The U.S. Navy has for the first time verified the authenticity of a series of three UFO videos leaked over the past two years and insisted the footage never should not have been made public.
Three widely-circulated clips depicting military aircraft interacting with UFOs – mysterious objects performing maneuvers not possible using existing aviation technology – were never supposed to be released to the public, the Navy’s Deputy Chief of Naval Operations for Information Warfare spokesman Joseph Gradisher told the Black Vault earlier this month, but the videos are genuine – and their contents can’t be explained.
“The Navy designates the objects contained in these videos as unidentified aerial phenomena” (UAP), Gradisher said, explaining that UAP is used instead of UFO as the “basic descriptor for the sightings/observations of unauthorized/unidentified aircraft/objects that have been observed entering/operating in the airspace of various military-controlled training ranges.”
Translated into English: we don’t know what they are, but there’s no evidence they’re alien in origin.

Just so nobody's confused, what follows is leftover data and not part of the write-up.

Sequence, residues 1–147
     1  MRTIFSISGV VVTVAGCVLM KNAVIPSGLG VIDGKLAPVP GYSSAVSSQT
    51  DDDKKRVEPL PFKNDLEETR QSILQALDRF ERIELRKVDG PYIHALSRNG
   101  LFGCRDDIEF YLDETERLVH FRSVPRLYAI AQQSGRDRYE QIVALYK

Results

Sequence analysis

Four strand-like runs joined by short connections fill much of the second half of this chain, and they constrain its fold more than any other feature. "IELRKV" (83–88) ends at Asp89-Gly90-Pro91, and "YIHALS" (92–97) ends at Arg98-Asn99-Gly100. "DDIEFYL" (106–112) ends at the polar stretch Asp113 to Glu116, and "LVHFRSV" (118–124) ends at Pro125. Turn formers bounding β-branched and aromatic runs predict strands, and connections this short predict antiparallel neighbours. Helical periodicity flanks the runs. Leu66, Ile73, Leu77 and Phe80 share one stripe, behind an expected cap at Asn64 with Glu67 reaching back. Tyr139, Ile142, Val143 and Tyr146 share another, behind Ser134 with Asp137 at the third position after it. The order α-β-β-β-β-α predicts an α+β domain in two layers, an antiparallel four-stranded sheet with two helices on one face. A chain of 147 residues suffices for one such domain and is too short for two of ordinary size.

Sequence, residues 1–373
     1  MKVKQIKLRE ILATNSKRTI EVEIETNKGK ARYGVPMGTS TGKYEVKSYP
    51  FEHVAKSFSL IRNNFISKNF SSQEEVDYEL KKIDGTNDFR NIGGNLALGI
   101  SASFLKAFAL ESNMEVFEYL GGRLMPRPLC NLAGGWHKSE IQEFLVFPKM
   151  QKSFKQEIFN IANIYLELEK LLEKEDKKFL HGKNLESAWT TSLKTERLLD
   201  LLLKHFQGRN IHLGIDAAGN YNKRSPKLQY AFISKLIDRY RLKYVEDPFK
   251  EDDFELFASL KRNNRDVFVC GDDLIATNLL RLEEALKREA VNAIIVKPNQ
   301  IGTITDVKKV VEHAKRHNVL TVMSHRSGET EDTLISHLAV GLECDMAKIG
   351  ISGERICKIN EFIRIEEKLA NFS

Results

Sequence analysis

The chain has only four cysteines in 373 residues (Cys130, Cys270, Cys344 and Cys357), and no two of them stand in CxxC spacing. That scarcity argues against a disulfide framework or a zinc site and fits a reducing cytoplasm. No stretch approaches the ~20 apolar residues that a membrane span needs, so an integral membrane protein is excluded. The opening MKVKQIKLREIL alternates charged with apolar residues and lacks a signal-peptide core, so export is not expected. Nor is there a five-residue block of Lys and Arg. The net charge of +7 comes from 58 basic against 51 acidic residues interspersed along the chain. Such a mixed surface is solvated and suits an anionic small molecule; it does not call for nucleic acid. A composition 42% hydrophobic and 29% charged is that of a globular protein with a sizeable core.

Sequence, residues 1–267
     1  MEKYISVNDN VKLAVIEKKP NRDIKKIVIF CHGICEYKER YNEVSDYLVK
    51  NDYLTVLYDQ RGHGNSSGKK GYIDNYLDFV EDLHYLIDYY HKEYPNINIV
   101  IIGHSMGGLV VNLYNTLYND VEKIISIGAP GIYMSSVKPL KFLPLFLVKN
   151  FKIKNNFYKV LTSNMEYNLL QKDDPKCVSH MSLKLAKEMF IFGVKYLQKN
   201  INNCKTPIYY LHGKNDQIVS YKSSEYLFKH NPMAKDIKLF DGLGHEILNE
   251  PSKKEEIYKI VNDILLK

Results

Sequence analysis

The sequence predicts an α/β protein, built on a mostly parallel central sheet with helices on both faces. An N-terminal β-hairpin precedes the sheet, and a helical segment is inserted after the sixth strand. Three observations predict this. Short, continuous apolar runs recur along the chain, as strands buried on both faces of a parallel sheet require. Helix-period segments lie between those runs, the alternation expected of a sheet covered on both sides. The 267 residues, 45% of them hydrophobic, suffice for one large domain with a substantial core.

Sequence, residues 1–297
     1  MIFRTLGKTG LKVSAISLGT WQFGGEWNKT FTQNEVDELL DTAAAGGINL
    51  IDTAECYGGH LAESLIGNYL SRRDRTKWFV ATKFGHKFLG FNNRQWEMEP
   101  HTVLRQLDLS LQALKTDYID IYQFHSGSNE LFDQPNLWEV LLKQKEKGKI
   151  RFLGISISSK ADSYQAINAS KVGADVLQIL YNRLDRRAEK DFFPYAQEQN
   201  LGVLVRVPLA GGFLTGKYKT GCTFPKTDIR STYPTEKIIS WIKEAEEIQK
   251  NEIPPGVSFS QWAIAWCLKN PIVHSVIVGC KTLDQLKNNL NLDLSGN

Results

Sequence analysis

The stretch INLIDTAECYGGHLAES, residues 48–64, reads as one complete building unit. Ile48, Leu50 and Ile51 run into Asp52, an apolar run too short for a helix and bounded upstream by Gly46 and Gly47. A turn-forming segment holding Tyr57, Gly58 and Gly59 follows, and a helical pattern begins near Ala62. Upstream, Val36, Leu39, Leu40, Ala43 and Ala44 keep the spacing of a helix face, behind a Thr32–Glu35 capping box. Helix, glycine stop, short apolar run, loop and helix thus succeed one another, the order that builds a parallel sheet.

RT report: One clip (“FLIR1”) shows a dark, pill-shaped object hovering for several seconds before scooting sideways extremely fast. Another (“GoFast”) shows the observing aircraft’s sensor lock onto a fast-moving target as the pilots are heard in the background excitedly wondering what exactly they’ve stumbled across. The third (“Gimbal”) shows an oblong object moving steadily before stopping and rotating as the pilots observing it exclaim in surprise.
The videos were released to Luis Elizondo – a former military intelligence officer who claims to have directed the Pentagon’s UFO research arm, Advanced Aerospace Threat Identification Program – in 2017, for use in a database about aerial threats. While declassified, they were not cleared for general public use.
Since then, the videos have made their way to the New York Times and To The Stars Academy of Arts & Science, a consortium of former intelligence officers, scientists, and celebrities promoting the investigation of UFOs and other “scientific mysteries.”
The Pentagon complained, stating earlier this year that the videos “should still be withheld” as they were “never officially released to the general public,” but it’s a bit too late to put the unidentified flying cat back in the bag.
The Navy set up guidelines earlier this year for reporting “unidentified aircraft” entering US airspace, ensuring no encounter would go undocumented in response to a plethora of reports, and lawmakers have reportedly requested briefings on the issue as the Pentagon’s history of chasing UFOs under secretive programs like AATIP has become public knowledge.